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Re: Consensus on alternate prefixing mechanism

From: Mark Birbeck <mark.birbeck@webbackplane.com>
Date: Thu, 30 Apr 2009 15:56:47 +0100
Message-ID: <ed77aa9f0904300756k77724e45gac0bd4eb2501af71@mail.gmail.com>
To: Martin McEvoy <martin@weborganics.co.uk>
Cc: Manu Sporny <msporny@digitalbazaar.com>, RDFa <public-rdf-in-xhtml-tf@w3.org>
Hi Martin,

I do agree with the idea that there shouldn't be two ways to do the
same thing, but I feel the way to resolve that is to say that @prefix
is doing something different to @xmlns.

And then drop the @xmlns technique. :)

The 'something else' that we should allow is the defining of full
URIs, and not just prefixes, and I've discussed this and some related
ideas in a recent blog post:

  <http://bit.ly/JKSgb>


On @xmlns itself, I think there are two major problems with it.

The first is that it is essentially a technique for defining document
'structure', rather than document 'content', so it seems wrong to me
to mix the two. (Lots of languages mix the two, it's true, and they
have tended to have problems.)

Setting parts of a document's structure using namespaces is fine:

  <a:b xmlns:a="blah">
    ...
  </a:b>

The content of a document could be regarded as being 'carried' by this
structure, and so can be seen as being in a different 'plane' or
'axis'. (And by content I mean the text and the metadata.)

However, there is no relationship between the document structure and
the document content. The source of elements and attributes from
vocabularies like XHTML and SVG is almost always different to the
source of properties from vocabularies like FOAF and DC.

So just as there is no connection between namespaces used in a
document's structure and the title of the document, so there is no
connection between the namespaces and the metadata.

If that seems a little esoteric, a simpler way to look at it might be
this; if you declare the SVG namespace in a document are you likely to
use that namespace mapping in any of your metadata? Or conversely, if
you declare the FOAF namespace in your document for use in @rel and
@property, are you likely to use that namespace mapping in your
element and attribute declarations?

Almost certainly no, in both cases.

So I feel that the first thing we need to do is drop all references to
the term 'namespace' if we are going to provide a new attribute for
declaring prefixes. And if we do that then there is no need for a
discussion about overriding default namespaces, and such like.

(And I should add that using @content would really confuse things.)

I said there were two problems with @xmlns; the second is that
namespaces apply to the element they are on, and the children of that
element. This makes it impossible to define a set of prefixes in an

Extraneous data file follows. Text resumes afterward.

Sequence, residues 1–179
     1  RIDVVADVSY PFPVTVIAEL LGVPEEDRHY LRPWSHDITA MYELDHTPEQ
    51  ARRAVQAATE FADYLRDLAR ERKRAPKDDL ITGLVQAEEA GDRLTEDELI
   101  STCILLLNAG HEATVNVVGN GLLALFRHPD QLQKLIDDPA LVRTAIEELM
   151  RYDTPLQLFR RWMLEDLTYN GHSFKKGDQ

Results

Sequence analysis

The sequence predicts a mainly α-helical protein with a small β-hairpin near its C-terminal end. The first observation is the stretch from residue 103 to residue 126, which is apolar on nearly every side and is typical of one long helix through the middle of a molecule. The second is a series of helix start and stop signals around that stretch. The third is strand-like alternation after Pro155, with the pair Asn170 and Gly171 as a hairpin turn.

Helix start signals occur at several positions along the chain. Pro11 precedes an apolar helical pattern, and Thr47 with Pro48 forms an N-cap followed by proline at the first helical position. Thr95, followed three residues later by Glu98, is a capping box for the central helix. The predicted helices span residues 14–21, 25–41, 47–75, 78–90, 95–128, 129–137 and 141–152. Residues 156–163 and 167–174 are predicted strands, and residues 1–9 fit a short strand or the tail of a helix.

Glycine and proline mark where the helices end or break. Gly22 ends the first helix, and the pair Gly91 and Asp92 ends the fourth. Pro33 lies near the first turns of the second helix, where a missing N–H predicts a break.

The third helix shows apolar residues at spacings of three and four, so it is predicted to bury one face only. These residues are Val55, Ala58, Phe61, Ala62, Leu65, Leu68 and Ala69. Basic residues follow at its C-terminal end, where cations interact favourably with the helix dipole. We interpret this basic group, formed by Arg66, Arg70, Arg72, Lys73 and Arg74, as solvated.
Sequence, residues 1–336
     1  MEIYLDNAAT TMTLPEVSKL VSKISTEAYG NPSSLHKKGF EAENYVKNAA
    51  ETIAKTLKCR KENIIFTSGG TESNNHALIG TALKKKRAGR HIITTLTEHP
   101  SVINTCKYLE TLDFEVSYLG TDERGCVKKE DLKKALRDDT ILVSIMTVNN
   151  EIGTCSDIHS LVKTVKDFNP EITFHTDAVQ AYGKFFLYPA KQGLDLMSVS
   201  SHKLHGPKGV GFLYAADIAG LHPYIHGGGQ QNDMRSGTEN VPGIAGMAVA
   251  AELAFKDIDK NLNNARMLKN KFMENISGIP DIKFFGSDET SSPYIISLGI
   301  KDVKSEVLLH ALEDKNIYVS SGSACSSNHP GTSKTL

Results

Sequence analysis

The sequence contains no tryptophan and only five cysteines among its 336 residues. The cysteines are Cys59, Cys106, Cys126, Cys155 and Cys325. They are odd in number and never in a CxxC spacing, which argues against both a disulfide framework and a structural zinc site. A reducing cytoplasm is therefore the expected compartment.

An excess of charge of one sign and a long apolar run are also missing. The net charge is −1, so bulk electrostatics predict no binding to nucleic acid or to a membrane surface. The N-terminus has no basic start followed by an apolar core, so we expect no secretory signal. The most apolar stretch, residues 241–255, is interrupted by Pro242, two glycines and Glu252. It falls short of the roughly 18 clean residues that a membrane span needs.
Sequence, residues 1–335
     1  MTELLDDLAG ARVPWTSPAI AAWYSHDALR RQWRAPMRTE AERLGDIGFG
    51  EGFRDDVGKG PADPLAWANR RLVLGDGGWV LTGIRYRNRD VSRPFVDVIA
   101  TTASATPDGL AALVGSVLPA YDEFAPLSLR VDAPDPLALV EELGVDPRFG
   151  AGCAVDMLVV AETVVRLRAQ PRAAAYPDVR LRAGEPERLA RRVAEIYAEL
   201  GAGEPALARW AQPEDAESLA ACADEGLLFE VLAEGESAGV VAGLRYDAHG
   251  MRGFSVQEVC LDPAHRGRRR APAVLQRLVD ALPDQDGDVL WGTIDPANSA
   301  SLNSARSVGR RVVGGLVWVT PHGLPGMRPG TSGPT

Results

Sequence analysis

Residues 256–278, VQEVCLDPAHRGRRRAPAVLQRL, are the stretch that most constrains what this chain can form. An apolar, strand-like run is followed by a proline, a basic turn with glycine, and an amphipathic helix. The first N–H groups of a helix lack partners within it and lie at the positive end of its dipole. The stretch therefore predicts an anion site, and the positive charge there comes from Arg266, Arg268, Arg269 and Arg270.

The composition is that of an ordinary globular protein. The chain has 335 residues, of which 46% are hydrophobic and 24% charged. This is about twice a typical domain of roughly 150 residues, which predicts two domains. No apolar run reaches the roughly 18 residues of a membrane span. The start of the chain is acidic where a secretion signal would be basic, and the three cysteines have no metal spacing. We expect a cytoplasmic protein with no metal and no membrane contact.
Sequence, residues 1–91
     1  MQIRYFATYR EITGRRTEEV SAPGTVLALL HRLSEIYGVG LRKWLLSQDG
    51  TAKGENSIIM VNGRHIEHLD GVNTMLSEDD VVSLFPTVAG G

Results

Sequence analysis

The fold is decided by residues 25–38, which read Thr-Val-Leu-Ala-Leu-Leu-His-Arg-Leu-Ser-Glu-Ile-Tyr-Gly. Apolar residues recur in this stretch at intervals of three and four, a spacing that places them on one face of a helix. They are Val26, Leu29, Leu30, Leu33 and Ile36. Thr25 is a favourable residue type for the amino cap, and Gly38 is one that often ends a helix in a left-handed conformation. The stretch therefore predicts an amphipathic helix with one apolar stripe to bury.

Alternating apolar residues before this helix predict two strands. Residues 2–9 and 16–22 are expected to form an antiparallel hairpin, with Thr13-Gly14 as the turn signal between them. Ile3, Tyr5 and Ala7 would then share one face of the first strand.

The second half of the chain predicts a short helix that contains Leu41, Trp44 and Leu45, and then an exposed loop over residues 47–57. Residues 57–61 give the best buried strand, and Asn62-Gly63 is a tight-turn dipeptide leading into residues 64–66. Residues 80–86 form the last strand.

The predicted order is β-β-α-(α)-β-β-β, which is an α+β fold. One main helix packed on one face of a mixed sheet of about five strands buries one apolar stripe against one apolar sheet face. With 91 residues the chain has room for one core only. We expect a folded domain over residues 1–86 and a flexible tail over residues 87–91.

external document, and then to import them.

However, by devising a new attribute that owes no loyalty to the way
that @xmlns behaves, we can create new rules about processing, and in
particular allow for importing external collections of mappings.

Regards,

Mark

On Thu, Apr 30, 2009 at 12:07 PM, Martin McEvoy
<martin@weborganics.co.uk> wrote:
> Manu Sporny wrote:
>>
>> I have noted these issues on the rdfa.info wiki:
>>
>>
>> http://rdfa.info/wiki/alternate-prefix-declaration-mechanism#Outstanding_Issues
>>
>> Anybody else disagree or have more input on these issues?
>>
>> -- manu
>>
>
> Hello Manu Ivan , thank you Manu for documenting this.
>
> Im still a little unsure of why RDFa should support an alternate prefixing
> mechanism,  its never a good thing in my view to support two ways of doing
> the same thing?
>
> I really do not like the @prefix mechanism at all it seems intuitive and a
> little "hackish". If RDFa really neds to support such a mechanism I am more
> in favour of re-using what we already have and not thinking of something
> new, @content seem ideal for this purpose
>
> <div content="foaf=http://xmlns.com/foaf/0.1/"
>    rel="foaf:page"
>    typeof="foaf:Document">
> ....
> ....
> </div>
>
> multiple prefixes can also declared in this way eg:
> @content="foaf=http://xmlns.com/foaf/0.1/ dct=http://purl.org/dc/terms/". I
> prefer @content over @prefix because authors already know what it means.
>
> I dont believe any of these should be legal
>
> * foo=
>       # would this default to the current document?
>
> * =http://someuri.com/
>       # why would you want to overide the default namespace?
>
> * xmlns:foo="http://foo.com" @prefix="foo=http://bar.com/"
>      # on the same element seems pointless as you cant really differentiate
> the URI's, you cant do that in RDF so why should you be able to do that in
> RDFa?
>
> * I also think this should be Illegal  @prefix="audio=
> http://purl.org/media/audio# video = http://purl.org/media/video#"
>      # spaces between the "=" equals.
>
>
> Thank you.
>
> --
> Martin McEvoy
>
> http://weborganics.co.uk/
>
> "You may find it hard to swallow the notion that anything as large and
> apparently inanimate as the Earth is alive."
> Dr. James Lovelock, The Ages of Gaia
>
>
>



-- 
Mark Birbeck, webBackplane

mark.birbeck@webBackplane.com

http://webBackplane.com/mark-birbeck

webBackplane is a trading name of Backplane Ltd. (company number
05972288, registered office: 2nd Floor, 69/85 Tabernacle Street,
London, EC2A 4RR)
Received on Thursday, 30 April 2009 14:57:28 GMT

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